CONF Apr 25, 2024

Living apart together? (Otterlo/online, 24 May 24)

Kröller-Müller Museum, Otterlo, May 24, 2024

Lotte Kremer, European Society for Nineteenth-Century Art

Living apart together? The troubled and treasured relationship between nature and human beings in art 1789-1914.

With the growing realisation that nature and the earth’s climate are at risk of being destroyed, this conference aims to centralise the interconnectedness between nature and human beings, by analysing the depiction of their relationship in Western-European art, including the effects of colonialism, during the long nineteenth century.

Within art, the natural world was long seen as a repository of motifs and forms from which artists borrowed to fashion their representations of social reality. Centuries of anthropocentric thinking, based on influential sources such as Aristotle’s writings and the Bible, have ingrained notions that human beings have dominion over the world and its inhabitants and this was reflected in the depiction of nature in art.

Even in the long nineteenth century, such notions were questioned. Around 1800 Alexander von Humboldt had already indicated the interdependence between nature and mankind. In addition, with the discovery of geological time in the late eighteenth century, came the realisation that the earth was eons older, and that human civilisation only occupied a fraction of a great terrestrial span. Such notions were also adopted by artists. In 1847 Théodore Rousseau painted a landscape with felled oak trees, while men are in the process of cutting down others. Rousseau later stated that he ‘wanted to arouse remorse on the part of people who unthinkingly chop down trees’. In the art dealer Boussod & Valadon’s stock books the painting was listed under the title La mort des innocents. In that same year Rousseau’s good friend the art critic Théophile Thoré attacked the French government for its mismanagement of the forest lands near Barbizon. Their actions helped lead to the Western world’s first state-established land preserves in 1853. Some ten years later Charles Darwin corroborated Von Humboldt’s thesis that all life is essentially interconnected and dependent upon each other in his Origin of Species. Moreover, with the advent of industrialisation and the enormous growth of the global population – the so-called Anthropocene – human beings’ actions gained such power that the world’s ecosystem is in danger of being annihilated. This realisation increasingly questioned man’s dominant position in epistemological and ontological paradigms, in exchange for a more integrated approach which puts co-dependency of life first.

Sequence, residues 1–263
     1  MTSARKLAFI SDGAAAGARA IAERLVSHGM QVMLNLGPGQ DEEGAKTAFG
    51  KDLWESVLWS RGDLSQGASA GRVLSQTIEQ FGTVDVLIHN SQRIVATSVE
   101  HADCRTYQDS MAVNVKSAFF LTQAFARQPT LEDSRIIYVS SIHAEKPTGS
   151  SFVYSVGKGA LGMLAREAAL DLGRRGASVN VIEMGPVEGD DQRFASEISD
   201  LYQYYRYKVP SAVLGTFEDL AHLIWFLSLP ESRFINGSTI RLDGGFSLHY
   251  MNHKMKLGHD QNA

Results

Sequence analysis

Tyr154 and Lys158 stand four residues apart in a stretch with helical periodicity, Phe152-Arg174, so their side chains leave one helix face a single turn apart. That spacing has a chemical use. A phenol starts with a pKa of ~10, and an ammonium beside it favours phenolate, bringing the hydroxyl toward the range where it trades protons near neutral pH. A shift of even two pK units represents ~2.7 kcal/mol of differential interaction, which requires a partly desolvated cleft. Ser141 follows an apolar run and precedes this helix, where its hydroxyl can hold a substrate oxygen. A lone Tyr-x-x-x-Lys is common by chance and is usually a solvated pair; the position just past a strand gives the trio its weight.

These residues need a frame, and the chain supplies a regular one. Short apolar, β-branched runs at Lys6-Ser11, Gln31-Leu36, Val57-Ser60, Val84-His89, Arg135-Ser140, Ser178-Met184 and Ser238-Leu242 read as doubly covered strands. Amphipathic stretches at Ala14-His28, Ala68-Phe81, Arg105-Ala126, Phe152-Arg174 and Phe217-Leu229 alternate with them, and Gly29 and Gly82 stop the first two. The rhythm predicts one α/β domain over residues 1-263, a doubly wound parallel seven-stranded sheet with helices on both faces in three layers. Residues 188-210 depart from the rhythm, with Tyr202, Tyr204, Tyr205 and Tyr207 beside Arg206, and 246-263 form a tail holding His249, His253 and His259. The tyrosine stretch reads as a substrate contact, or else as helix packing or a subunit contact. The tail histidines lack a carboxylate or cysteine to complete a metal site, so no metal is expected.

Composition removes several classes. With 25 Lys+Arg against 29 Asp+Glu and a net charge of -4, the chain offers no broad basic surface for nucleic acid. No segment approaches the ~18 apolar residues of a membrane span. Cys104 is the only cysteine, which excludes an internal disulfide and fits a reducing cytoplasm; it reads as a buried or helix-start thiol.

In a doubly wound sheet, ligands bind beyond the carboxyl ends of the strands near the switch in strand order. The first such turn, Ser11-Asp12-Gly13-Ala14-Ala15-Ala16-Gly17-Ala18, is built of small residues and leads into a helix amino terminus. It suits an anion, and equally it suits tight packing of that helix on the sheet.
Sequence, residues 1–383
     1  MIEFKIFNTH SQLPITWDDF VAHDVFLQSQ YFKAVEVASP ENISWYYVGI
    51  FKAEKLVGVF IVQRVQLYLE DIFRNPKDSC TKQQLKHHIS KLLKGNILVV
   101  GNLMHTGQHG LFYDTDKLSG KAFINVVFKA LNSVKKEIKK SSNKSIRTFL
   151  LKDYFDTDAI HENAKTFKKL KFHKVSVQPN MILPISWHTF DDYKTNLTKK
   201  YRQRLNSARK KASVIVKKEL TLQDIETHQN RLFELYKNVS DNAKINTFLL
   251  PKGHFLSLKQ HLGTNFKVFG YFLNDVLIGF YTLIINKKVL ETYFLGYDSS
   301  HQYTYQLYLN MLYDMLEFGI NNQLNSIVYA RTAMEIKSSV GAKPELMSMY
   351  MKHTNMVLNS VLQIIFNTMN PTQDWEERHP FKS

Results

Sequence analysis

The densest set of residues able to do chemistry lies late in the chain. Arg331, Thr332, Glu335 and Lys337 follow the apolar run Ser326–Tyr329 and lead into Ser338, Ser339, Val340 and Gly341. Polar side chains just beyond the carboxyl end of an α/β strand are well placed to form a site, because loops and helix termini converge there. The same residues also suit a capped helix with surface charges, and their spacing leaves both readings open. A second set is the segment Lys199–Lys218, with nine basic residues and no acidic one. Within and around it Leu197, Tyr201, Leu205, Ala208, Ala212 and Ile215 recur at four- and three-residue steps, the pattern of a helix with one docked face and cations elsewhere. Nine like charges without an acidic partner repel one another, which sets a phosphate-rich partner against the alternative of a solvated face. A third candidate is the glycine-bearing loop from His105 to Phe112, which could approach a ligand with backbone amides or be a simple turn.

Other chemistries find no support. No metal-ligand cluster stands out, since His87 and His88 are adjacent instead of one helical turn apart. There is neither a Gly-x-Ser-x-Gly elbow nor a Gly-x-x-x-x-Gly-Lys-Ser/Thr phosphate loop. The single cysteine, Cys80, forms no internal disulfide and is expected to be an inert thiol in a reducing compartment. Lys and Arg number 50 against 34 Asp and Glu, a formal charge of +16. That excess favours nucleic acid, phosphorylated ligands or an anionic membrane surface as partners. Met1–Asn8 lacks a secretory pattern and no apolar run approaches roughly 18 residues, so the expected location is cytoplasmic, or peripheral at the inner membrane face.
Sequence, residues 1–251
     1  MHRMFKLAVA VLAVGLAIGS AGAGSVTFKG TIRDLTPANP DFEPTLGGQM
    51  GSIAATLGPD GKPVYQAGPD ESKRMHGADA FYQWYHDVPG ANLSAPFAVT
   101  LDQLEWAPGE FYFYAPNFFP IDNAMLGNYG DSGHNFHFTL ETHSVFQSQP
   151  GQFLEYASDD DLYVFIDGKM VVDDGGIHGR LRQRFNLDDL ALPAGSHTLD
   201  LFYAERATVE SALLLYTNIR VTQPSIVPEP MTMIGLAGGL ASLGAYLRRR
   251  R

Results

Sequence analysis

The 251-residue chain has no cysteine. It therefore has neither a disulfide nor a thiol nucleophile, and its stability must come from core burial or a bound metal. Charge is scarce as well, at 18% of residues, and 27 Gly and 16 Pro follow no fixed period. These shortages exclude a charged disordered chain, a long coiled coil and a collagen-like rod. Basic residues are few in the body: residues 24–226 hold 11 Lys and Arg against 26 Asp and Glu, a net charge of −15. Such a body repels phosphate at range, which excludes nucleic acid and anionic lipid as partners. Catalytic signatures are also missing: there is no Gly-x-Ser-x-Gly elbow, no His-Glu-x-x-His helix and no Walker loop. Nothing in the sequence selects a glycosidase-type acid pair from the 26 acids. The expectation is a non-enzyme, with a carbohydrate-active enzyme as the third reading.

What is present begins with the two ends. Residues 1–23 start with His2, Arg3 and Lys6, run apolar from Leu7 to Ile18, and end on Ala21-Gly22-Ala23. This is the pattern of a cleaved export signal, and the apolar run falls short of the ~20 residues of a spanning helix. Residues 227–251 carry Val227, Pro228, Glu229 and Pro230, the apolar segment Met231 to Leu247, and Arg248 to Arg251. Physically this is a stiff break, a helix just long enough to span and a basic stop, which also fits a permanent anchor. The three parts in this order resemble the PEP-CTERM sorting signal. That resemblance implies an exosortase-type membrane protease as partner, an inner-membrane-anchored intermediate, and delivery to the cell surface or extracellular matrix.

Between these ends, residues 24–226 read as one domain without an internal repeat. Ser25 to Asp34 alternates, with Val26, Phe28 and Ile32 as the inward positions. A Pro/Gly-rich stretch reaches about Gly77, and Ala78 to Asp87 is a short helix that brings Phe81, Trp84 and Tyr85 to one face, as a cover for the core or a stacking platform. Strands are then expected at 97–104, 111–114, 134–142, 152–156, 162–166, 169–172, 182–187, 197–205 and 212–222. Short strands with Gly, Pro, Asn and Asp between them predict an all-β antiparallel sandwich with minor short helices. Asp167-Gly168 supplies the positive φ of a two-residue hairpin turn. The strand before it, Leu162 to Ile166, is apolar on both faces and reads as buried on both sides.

By focussing on the depiction of the troubled relationship between nature and humans, around the corner as well as overseas, including the fascination for non-indigenous flora and fauna, we aim to answer questions such as: did changing opinions on nature have effect on nineteenth-century art? Did nineteenth-century art have effect on the changing opinions on nature? How was the relationship between nature and human beings depicted? Which role did the advent of working en plein air play in artists’ bond with nature? Which role did ecology play in the depiction of nature? How did artists and critics manage to evoke their awareness of the changing attitudes towards nature in their work? Which role did colonialism play in artists’ perception of nature?

Date: 24 May
Time: 09:45 to 18:00

Kröller-Müller Museum
Houtkampweg 6
6731 AW Otterlo
The Netherlands

Language: English
Register via:
Regular: € 40
Students and online: € 15


Registration, Coffee & Tea

Benno Tempel, director Kröller-Müller Museum

Mayken Jonkman, ESNA & Rijksmuseum and Sara Tas, co-organiser & Van Gogh Museum
Introduction to the conference theme

Keynote lecture: Colin Sterling, University of Amsterdam
Museum Ecologies: Past, Present, and Future

Session 1, Urban perspectives
Chair: Marjan Sterckx, ESNA & UGent

Marte Stinis, Paul Mellon Centre
"My lovely London fogs". The Aesthetics of Pollution

Marie-Charlotte Lamy, University of Neuchâtel
The Universal Museum of Nature: Possessing the Animal Kingdom in Painting

Annie Ronan, Virginia Tech
Edward Kemeys’ Last(ing) Buffalo. Preservation, Poison, and the Toxic Ecologies of American Animal Art

Rachel Sloan, Courtauld Institute
Pissarro in the Great North Wood. Impressionism and urban nature in London

Session 1: Questions and Discussion

Jannet de Goede, Kröller-Müller Museum
Introduction to the exhibition The Wood for the Trees

lunch and visit to the exhibition

Session 2 Facing nature
Chair: Rachel Esner, ESNA & UvA

Daniel Ralston, National Gallery London
José María Velasco and the Image of Mexico

Vicki Pugh, The Institute for Social Justice York St John University
Omissions of the nineteenth-century seascape. Exploring the ‘Anthropocene’ of Turner’s Bass Rock and Edinburgh Sketchbook (1818)

Daniël Hendrikse, (cultural) historian
The view from the ice cave. Representations of Romanticism, exploration and the Anthropocene in nineteenth-century photography

Annemiek Rens, Drents Museum
‘Full of the silent, gloomy heaths’. The healing effect of nature in Drenthe for Van Gogh and others

Session 2: Questions and Discussion

wrap up

drinks and bites

European Society for Nineteenth-Century Art, in participation with Kröller-Müller Museum, Otterlo

CONF: Living apart together? (Otterlo/online, 24 May 24). In:, Apr 25, 2024 (accessed Jun 20, 2024), <>.